Rural Lawmakers Hold Key in Australian Election
With the country still waiting for the final results of the Saturday vote, reporters in the capital, Canberra, got a dose Wednesday of the self-described “force from the north” and the other independent legislators who could hold the balance of power in Australia’s first deadlocked Parliament in 70 years.
“If you live in a country town in Australia, every year you own a business, you know it’s going to get worse and worse,” Mr. Katter, a 65-year-old former stockman, said at the National Press Club on Wednesday. “Every year, you know your kids are going to leave because there are no jobs for them. Maybe a high school closes this year, maybe you lose your dentist next year.
“The people of rural Australia have put some of us here. They expect a return for having done that. As far as I’m concerned, they will get a return.”
Since the voting Saturday, the Australian news media have been scrambling to get a fix on Mr. Katter and the other once-obscure lawmakers who may be called upon to resolve the stalemate in the House of Representatives, where neither the incumbent center-left Labor Party nor a coalition of the conservative Liberal and rural-based National parties appear to have captured the 76 seats needed to form a majority government.
The final election result may not be known for another week. But Prime Minister Julia Gillard and her conservative rival, Tony Abbott, have already begun courting Mr. Katter, who has made no secret of how he intends to use his newfound power: to demand a “fairer go” for rural Australians.
All three independents hail from sparsely populated rural areas, where voters have long been at odds with the mainstream parties in Australia’s urban-focused political debate. Access to education, hospitals, jobs and telecommunications are key issues for voters in “the bush,” the vast stretches of scrubby grasslands that are home to about a quarter of Australia’s 22 million people.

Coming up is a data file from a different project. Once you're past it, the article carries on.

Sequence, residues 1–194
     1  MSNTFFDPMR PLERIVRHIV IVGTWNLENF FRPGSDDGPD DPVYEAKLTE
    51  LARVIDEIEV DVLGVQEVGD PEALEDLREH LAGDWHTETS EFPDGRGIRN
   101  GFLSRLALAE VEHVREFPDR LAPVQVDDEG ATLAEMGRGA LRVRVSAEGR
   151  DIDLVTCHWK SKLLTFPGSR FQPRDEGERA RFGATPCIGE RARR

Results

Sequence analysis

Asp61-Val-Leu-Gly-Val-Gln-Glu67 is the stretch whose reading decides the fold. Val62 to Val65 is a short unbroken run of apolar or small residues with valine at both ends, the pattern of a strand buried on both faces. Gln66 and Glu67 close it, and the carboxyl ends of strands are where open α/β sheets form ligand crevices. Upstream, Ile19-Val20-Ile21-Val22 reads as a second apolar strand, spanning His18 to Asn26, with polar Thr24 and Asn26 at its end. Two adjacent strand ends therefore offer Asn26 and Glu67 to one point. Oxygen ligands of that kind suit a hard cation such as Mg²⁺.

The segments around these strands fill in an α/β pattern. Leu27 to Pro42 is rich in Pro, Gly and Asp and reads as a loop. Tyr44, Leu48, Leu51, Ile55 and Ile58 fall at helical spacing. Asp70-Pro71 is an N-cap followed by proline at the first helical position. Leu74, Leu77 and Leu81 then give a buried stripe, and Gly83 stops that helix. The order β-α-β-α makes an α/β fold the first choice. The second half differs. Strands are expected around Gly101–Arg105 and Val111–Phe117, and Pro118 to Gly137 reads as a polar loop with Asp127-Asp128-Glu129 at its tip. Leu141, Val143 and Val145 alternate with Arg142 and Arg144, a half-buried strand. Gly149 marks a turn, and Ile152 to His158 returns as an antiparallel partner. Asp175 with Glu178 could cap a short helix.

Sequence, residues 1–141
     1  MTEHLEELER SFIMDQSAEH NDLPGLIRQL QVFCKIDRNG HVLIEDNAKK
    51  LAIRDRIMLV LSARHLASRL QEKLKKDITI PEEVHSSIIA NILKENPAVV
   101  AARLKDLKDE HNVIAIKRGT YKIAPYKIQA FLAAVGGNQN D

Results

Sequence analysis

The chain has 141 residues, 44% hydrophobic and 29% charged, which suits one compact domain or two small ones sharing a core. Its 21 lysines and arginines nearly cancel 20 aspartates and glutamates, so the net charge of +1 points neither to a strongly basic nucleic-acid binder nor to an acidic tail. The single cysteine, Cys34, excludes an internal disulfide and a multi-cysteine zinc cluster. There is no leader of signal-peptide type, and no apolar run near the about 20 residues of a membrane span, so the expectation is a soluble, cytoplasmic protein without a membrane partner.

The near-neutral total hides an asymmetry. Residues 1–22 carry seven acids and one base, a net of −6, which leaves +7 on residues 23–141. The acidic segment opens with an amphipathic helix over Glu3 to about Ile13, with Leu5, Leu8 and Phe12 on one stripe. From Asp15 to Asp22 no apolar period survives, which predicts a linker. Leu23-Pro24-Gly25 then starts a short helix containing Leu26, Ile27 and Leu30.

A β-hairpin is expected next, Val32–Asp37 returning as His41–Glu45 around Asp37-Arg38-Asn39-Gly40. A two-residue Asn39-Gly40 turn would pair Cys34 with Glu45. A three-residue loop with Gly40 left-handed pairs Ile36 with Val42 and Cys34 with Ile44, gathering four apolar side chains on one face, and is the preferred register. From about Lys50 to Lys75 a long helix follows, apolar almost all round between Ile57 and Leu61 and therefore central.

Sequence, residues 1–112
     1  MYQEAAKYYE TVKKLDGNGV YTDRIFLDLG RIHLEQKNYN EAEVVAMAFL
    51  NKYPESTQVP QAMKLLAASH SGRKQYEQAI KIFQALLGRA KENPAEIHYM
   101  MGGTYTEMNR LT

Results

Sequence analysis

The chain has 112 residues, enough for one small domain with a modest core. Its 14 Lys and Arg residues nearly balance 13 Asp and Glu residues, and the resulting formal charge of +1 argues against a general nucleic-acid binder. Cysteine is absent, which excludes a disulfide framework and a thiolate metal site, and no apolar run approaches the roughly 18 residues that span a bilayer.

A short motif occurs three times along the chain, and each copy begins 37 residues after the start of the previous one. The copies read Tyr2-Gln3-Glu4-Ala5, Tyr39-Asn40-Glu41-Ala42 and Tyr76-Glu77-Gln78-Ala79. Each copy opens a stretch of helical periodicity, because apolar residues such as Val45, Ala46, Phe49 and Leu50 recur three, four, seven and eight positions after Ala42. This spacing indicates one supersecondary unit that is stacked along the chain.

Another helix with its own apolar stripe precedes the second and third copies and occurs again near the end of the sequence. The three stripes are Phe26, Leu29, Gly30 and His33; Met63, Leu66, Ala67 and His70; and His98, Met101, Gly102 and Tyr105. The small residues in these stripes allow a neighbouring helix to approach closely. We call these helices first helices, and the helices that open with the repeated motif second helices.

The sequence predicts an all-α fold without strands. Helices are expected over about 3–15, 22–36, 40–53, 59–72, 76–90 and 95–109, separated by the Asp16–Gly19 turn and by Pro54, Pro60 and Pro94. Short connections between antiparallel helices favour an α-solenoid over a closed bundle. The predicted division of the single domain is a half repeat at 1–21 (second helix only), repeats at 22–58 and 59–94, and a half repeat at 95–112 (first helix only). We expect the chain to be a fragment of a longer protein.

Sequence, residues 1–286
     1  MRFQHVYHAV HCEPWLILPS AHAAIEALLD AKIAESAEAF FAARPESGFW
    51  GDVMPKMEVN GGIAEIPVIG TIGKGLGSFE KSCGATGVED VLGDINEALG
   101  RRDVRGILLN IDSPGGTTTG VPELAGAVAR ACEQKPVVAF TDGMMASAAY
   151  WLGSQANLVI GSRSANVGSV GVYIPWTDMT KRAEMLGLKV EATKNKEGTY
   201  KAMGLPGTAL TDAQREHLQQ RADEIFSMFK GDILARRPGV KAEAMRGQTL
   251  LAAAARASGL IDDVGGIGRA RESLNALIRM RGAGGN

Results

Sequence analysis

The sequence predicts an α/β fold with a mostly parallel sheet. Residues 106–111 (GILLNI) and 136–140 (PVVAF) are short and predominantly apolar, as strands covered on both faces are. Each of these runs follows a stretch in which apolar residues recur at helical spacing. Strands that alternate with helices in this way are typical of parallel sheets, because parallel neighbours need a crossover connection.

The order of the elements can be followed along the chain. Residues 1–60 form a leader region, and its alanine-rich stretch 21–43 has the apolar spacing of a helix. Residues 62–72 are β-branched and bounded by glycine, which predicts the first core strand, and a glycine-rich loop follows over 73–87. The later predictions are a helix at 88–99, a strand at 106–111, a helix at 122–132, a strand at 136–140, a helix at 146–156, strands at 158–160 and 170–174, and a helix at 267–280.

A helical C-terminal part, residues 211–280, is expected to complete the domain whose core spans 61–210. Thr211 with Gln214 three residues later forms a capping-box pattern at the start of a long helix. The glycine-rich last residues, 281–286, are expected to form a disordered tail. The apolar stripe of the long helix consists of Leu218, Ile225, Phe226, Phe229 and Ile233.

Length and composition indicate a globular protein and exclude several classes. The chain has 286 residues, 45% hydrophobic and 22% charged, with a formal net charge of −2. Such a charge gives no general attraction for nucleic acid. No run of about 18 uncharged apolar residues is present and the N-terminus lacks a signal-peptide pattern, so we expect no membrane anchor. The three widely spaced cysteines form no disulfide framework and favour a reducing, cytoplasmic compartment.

The divide between urban and rural voters has long been a feature of Australian politics. The country’s vast expanses and relatively small population and tax base make it difficult for the government to provide basic services to many remote areas. But many country dwellers feel that their concerns are ignored by politicians scrambling for the bulk of votes in Australia’s heavily populated cities.
The three independents are all former members of the center-right National Party, the rural element of Mr. Abbott’s conservative coalition. But they have all bristled at suggestions that their former allegiance makes them more likely to support Mr. Abbott in a hung Parliament. While Mr. Katter does not endorse the Labor Party, he has described the conservatives as being “about as popular as a black snake in a sleeping bag,” with many farmers unhappy about the free trade deals enacted by the former prime minister, John Howard.